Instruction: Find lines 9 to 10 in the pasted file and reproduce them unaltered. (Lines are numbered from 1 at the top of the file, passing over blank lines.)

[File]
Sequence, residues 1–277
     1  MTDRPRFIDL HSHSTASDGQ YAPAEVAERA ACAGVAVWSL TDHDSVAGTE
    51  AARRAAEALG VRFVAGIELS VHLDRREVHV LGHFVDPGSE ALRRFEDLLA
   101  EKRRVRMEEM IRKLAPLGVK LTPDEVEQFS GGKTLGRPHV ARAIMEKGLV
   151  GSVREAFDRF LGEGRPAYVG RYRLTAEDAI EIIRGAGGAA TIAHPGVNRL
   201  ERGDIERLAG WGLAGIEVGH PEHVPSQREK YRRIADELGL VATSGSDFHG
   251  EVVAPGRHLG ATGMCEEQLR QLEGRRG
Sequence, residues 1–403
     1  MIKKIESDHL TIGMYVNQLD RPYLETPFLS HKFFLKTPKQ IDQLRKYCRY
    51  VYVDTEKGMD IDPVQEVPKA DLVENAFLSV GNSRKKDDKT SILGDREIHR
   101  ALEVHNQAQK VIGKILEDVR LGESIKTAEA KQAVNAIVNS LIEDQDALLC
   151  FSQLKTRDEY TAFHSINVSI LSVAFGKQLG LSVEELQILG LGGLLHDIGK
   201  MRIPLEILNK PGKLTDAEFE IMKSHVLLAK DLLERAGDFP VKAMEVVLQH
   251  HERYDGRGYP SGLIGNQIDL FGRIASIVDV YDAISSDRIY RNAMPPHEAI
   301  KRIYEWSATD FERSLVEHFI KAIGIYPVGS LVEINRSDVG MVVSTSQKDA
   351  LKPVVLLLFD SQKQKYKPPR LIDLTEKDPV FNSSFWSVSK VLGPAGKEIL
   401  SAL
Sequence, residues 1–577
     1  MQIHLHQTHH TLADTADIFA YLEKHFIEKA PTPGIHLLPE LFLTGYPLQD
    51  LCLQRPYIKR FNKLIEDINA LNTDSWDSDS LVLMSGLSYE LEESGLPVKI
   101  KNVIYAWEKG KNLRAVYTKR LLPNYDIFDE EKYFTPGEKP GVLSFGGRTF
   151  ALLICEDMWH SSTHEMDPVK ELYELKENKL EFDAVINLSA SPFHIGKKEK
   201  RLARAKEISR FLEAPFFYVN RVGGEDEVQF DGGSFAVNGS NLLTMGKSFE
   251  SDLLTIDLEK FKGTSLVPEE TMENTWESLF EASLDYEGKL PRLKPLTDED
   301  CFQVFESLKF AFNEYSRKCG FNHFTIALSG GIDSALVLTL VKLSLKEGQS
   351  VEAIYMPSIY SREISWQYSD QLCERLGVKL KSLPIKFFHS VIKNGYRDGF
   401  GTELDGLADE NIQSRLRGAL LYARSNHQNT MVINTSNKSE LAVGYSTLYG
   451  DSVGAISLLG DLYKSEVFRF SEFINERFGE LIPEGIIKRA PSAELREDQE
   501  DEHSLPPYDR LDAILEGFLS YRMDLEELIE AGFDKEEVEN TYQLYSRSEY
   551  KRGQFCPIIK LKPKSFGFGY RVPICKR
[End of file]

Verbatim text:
     1  MIKKIESDHL TIGMYVNQLD RPYLETPFLS HKFFLKTPKQ IDQLRKYCRY
    51  VYVDTEKGMD IDPVQEVPKA DLVENAFLSV GNSRKKDDKT SILGDREIHR